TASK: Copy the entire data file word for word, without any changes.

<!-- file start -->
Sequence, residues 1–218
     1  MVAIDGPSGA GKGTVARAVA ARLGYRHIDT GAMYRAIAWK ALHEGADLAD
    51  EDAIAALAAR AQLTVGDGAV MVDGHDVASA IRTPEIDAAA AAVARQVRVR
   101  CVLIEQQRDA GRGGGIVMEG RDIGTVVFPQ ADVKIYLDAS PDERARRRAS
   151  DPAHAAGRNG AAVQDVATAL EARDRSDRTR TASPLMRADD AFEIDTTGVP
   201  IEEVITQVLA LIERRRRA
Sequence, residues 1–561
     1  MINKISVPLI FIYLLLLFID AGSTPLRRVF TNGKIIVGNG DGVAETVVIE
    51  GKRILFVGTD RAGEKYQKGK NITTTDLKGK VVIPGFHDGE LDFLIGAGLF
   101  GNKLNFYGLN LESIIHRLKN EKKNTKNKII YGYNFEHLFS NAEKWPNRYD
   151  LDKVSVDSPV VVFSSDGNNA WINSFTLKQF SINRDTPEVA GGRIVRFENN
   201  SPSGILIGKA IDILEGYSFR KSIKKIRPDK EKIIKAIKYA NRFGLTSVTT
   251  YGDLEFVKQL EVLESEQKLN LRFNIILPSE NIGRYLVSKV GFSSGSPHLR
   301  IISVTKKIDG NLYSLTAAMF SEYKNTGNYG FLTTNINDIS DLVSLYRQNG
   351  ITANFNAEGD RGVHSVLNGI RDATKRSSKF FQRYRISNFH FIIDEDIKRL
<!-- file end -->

Sequence, residues 1–218
     1  MVAIDGPSGA GKGTVARAVA ARLGYRHIDT GAMYRAIAWK ALHEGADLAD
    51  EDAIAALAAR AQLTVGDGAV MVDGHDVASA IRTPEIDAAA AAVARQVRVR
   101  CVLIEQQRDA GRGGGIVMEG RDIGTVVFPQ ADVKIYLDAS PDERARRRAS
   151  DPAHAAGRNG AAVQDVATAL EARDRSDRTR TASPLMRADD AFEIDTTGVP
   201  IEEVITQVLA LIERRRRA
Sequence, residues 1–561
     1  MINKISVPLI FIYLLLLFID AGSTPLRRVF TNGKIIVGNG DGVAETVVIE
    51  GKRILFVGTD RAGEKYQKGK NITTTDLKGK VVIPGFHDGE LDFLIGAGLF
   101  GNKLNFYGLN LESIIHRLKN EKKNTKNKII YGYNFEHLFS NAEKWPNRYD
   151  LDKVSVDSPV VVFSSDGNNA WINSFTLKQF SINRDTPEVA GGRIVRFENN
   201  SPSGILIGKA IDILEGYSFR KSIKKIRPDK EKIIKAIKYA NRFGLTSVTT
   251  YGDLEFVKQL EVLESEQKLN LRFNIILPSE NIGRYLVSKV GFSSGSPHLR
   301  IISVTKKIDG NLYSLTAAMF SEYKNTGNYG FLTTNINDIS DLVSLYRQNG
   351  ITANFNAEGD RGVHSVLNGI RDATKRSSKF FQRYRISNFH FIIDEDIKRL